11:15 AM - 12 miles, 1:22:00 - West Hill.
Canal path, two loops at West Hill and back. Threw in a few steady stretches mid-run and finished up with a 5:42 last mile on the path. Felt comfortable, but thought for sure I was under 5:30.
7:45 AM - 5 miles, 38:40 - Central Park.
All over the place with Hodgie and A-Ten while watching the Trials. Nothing but a whole lot of stop-and-go mileage, but made sure I clicked the watch every time.
I was positioned at the 6-mile mark of the men's Olympic Trials marathon in Central Park this morning, hootin' and hollerin' at the top of my lungs for the 120 some-odd studs who came flying by in a steady stream of sustained speed. One runner never made it to that early mile marker however, and all it took was one quick phone call before those excited chants turned into an eerie silence.
"Ryan Shay just went down," best bud Sean McKeon shouted at me from the other end of the phone.
"Did he trip?" I asked.
"No dude, they're giving him CPR," he informed me. "It doesn't look good."
Next thing you know an ambulance comes flying by with its lights flashing and people are wondering what in the hell is going on. About a half an hour later, rumor was floating around the park that Ryan Shay had passed away. The race, possibly the most exciting event I've ever had the pleasure to witness in person, suddenly didn't seem so important any more.
Needless to say, it's been an emotional day on many fronts. The race itself was exciting and inspirational - lots of positive energy making its way around the park this morning. Lots of impressive performances too, most notably Ryan Hall, Dathan Ritzenhein, Brian Sell and local homeboy Nate Jenkins. Ryan's untimely death put a terrible twist on an otherwise fantastic day, but sometimes such a tragic event can help to put everything else back into perspective.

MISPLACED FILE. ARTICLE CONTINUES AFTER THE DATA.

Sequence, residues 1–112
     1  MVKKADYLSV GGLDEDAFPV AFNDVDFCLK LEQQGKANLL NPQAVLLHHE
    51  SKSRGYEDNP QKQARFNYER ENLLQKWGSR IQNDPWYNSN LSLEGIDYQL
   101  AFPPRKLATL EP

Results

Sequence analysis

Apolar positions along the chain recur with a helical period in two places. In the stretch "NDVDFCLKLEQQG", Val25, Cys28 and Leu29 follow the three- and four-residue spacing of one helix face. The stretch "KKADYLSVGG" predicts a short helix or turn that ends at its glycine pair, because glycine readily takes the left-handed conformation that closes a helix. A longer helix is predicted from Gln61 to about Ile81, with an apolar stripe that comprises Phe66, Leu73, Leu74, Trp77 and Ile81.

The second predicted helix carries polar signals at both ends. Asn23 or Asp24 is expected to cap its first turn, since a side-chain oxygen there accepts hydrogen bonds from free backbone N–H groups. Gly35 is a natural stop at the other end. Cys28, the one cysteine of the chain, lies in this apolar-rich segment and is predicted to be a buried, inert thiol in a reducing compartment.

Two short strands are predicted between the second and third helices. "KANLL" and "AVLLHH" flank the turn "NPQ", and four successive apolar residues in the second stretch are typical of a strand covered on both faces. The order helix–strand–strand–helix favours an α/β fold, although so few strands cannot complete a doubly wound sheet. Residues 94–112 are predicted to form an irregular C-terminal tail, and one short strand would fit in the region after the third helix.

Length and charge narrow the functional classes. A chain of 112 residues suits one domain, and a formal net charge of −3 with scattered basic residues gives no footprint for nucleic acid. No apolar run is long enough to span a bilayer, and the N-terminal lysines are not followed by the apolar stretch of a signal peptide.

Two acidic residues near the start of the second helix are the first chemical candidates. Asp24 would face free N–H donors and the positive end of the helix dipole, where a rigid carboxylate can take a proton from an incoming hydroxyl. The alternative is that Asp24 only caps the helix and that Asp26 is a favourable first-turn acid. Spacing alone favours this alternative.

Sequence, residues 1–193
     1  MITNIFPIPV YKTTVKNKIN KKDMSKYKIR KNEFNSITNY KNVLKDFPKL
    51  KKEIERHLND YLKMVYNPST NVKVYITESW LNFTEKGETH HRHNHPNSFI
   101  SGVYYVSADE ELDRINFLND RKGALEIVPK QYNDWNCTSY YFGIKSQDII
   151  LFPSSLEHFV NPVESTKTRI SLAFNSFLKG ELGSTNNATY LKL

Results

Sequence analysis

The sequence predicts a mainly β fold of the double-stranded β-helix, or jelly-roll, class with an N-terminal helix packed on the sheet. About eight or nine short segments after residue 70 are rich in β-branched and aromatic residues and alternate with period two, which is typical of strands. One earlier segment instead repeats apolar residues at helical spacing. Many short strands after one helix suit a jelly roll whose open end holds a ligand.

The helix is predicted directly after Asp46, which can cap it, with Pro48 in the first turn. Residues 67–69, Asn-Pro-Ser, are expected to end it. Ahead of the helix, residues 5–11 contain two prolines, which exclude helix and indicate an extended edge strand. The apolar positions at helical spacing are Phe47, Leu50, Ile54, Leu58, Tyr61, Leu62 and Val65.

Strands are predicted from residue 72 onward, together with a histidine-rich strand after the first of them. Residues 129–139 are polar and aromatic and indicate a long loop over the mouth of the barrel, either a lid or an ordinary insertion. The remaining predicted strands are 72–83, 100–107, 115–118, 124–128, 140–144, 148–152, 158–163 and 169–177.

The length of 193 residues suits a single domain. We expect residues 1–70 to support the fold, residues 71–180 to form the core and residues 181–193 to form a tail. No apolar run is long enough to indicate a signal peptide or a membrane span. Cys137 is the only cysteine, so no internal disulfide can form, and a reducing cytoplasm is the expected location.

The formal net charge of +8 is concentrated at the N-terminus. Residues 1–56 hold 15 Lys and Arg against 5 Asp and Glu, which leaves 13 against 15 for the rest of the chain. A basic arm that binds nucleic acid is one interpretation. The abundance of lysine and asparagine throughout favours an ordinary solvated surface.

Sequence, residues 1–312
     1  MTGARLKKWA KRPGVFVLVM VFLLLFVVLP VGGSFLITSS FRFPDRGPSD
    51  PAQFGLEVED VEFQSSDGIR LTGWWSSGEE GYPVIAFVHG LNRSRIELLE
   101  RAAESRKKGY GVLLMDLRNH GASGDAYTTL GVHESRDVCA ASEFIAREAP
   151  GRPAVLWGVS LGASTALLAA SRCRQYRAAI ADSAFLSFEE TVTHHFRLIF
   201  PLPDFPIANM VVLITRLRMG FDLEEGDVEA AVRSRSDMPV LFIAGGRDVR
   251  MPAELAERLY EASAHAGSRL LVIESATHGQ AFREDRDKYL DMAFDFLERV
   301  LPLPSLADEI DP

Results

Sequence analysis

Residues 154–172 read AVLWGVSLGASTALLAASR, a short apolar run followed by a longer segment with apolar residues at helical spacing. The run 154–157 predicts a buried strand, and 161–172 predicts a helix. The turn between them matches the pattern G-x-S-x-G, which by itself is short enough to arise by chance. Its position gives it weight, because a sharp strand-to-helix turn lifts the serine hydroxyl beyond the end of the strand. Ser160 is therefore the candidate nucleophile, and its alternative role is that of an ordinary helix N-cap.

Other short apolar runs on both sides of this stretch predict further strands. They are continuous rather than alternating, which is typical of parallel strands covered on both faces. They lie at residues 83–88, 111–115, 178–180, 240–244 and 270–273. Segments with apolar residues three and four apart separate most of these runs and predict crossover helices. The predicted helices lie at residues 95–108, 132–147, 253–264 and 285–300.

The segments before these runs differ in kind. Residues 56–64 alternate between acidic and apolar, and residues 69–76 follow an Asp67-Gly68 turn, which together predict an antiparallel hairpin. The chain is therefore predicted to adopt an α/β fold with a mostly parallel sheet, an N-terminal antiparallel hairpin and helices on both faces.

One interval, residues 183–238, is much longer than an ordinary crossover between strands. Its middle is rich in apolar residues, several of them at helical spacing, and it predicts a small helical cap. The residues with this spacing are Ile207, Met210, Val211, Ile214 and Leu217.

This life is short, so you need to make the most of it while you can. Ryan Shay sure did, and he's inspired me to do the same.
Quotes of the Day
"You can't think about 'what if I fail,' because it will cause negative thoughts, so instead you have to turn the energy around and feed off that energy. All these people are cheering for you. They don't know you, they just want you to do well."
- Ryan Shay. RIP, 11.03.07
"You’ve got to run smart, but you’ve got to have the faith that you can finish. You can’t get scared. If I go out and feel good, I’m not going to be afraid to run with that lead pack. You have to take that chance. If that means I’m running 2:25 and crawling home, then so be it. At the same time, if it’s late in the race and I’m coming up on people, if you have even a passing thought of not thinking you can pass certain people like Meb [Keflezighi], then you won’t make it. The time to be in awe of them is after the race. Until then, everyone’s equal and you go for it."
- Nate Jenkins. He wasn't afraid, he took that chance, he didn't crawl home and he didn't have a passing thought about passing Meb late in the race.